Productivity Impact

A 2012 International Data Corporation (IDC) report[1] found that the average employee spends 2.3 hours per week searching for, but not finding documents, and 6.9 hours per week researching and gathering information. Based on anecdotal stories and conversations from meetings, projects, and work plan sessions, DAE seemed no different in this capacity.

Both “How to DAE” and the Business Glossary have an increased exposure on DAE’s intranet and they are introduced in all new employee onboarding sessions. They serve as the central repository for DAE related information as it is trusted, and known to be reliable, vetted, and current. An impressive update can be seen for both among DAE staff, especially with new hires, as the number of unique users and hits tend to rise shortly after new colleagues join DAE.

On average, “How to DAE” has ~100 unique monthly visitors, and an average of 75 unique monthly visitors use the Search function within the tool. The business glossary alone has had over 400 hits on a monthly average for the past year, almost doubling from the year before. This is in part due to increased exposure in the tools, and constantly addition of new information.

We find that each unique visitor tends to use these tools repeatedly, using it to find similar information frequently.

While we cannot at this time quantify the specific amount of time saved across the portfolio, we have received very positive feedback from our colleagues. Anecdotally, several colleagues have mentioned that they “just go to How to DAE for everything” and others have mentioned how useful is it to refer to the tool rather than explain something when a colleague asks them a question. Similarly, with the business glossary, we’ve received positive feedback from the technical staff tasked to produce reports, improve processes, or develop tools and technical solutions, as well as the fundraising and alumni engagement staff, mentioning they now feel confident to refer to a central place for these business terms and their details for which they know have been approved and are constantly curated.

While we have seen great initial success with our launch of “How to DAE” and the business glossary, through a lens of continuous improvement, we plan to consistently update and expand upon the information within the tools, as well as focus on ongoing training and internal promotion to ensure that both new hires and DAE veterans trust and use these tools daily in their roles at DAE.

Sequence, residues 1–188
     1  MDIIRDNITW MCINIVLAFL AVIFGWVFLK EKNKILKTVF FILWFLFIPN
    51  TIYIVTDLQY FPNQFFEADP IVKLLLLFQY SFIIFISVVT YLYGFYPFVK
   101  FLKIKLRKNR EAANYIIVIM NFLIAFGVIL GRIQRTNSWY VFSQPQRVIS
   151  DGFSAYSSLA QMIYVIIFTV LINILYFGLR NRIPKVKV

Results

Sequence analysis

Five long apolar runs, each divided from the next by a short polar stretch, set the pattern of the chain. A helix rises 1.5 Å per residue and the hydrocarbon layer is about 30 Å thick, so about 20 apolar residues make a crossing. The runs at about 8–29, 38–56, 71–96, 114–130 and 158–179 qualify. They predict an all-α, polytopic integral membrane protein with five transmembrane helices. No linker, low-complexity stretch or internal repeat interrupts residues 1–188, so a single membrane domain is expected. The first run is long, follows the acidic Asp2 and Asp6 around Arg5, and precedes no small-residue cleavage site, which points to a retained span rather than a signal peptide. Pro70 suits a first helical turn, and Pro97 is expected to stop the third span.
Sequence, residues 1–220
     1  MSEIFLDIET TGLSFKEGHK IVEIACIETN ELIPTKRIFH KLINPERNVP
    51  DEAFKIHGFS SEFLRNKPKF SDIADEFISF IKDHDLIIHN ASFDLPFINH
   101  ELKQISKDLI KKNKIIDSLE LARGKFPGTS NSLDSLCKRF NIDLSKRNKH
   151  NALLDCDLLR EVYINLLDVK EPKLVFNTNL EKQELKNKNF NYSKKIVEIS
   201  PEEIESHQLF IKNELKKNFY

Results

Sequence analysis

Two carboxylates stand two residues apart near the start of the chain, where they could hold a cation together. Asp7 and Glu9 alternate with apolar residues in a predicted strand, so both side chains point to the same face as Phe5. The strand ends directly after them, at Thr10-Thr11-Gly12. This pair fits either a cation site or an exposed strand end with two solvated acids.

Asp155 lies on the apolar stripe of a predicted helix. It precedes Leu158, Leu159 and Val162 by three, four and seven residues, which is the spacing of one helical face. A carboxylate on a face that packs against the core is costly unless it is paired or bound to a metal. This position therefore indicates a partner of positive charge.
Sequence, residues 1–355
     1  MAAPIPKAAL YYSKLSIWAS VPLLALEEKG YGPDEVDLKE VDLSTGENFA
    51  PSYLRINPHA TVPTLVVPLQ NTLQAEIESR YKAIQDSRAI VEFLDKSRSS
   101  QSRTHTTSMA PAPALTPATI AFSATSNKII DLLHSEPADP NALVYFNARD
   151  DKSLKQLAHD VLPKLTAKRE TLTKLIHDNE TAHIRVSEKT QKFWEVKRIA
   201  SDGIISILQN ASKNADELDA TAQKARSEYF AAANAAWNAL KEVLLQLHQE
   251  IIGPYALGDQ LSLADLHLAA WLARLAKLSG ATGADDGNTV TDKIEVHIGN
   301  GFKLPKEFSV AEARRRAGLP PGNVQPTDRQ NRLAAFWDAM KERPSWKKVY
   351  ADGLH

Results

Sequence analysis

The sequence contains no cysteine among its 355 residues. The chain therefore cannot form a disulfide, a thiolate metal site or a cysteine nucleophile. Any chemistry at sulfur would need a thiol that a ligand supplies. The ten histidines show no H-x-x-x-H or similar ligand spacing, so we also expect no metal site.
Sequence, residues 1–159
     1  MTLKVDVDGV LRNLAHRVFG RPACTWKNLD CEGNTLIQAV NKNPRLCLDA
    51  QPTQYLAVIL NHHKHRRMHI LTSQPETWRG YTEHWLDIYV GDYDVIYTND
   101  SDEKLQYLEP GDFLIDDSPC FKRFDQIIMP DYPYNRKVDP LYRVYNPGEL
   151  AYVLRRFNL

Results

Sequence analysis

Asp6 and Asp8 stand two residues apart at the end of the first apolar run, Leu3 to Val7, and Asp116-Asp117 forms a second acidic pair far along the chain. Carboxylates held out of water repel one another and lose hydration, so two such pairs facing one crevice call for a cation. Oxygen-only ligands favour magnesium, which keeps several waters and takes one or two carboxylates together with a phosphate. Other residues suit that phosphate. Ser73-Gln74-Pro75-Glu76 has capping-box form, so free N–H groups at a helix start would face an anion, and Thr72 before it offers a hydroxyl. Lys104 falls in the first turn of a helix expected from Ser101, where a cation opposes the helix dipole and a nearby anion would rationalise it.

[1] https://warekennis.nl/wp-content/uploads/2013/11/bridging-the-information-worker-productivity-gap.pdf


"How to DAE” is purpose built within our current SharePoint environment to be a central access point to the various locations that information could be held across the DAE portfolio. We built and populated this tool, and formatted it based on FAQs, each with a question, answer, contact person and link to the relevant document, presentation, template, page or otherwise. The format and structure of the tool was also innovatively designed to mirror various complex and intersecting ways that DAE and its information can be organized. For example, there is one page where the FAQs can be viewed by category, another page is organized by unit based on our organizational structure, and another is focused on purpose based search. While the information has not moved and is only held in a single location, the tool has been designed to allow access in diverse ways and with the knowledge that users have diverse amounts of information to start with, and diverse ways of looking at things.


First, it is not a dictionary as each term only has one definition and not multiple definitions to choose from, depending on the context. This is very important as it minimizes the confusion and risk of choosing the incorrect definition.

Second, besides the terms and their approved definitions there are numerous metadata elements associated with each term in order to provide as much useful information as possible. Each term captures synonyms, acronyms, and abbreviations often used by the more seasoned staff and initially unknown by new hires. It also provides examples for usage, and links towards related documentation, processes, and any internal or external documentation the definition was based on (ex: Canadian Revenue Agency, specific legislation, CASE, or UBC specific policies). If the term is also used in DAE’s CRM, information about the views and forms it is found on (ex: physical address of a constituent), as well as how to query it, is available in the details of that business glossary term. Technical metadata such as server name, physical column and table name, ETL process, as well as data quality rules that it needs to be validated against are also offered as they are very helpful for any data integration or data extraction project.

Third, each term has a curator and owner identified. This person is needed to approve any changes to the definition and to be kept in the loop with any technical or business process changes associated with it.


Since the business glossary is a populated custom list in SharePoint it easily integrates with the “How to DAE” and other informative pages. It serves as a central place for approved definitions and the source of truth for all approved business terms. Moreover, as of December 2017, it has been incorporated into a mandatory addendum page for all new DAE reports.


Supporting Documents CAUBO-2017-Attachments.pdf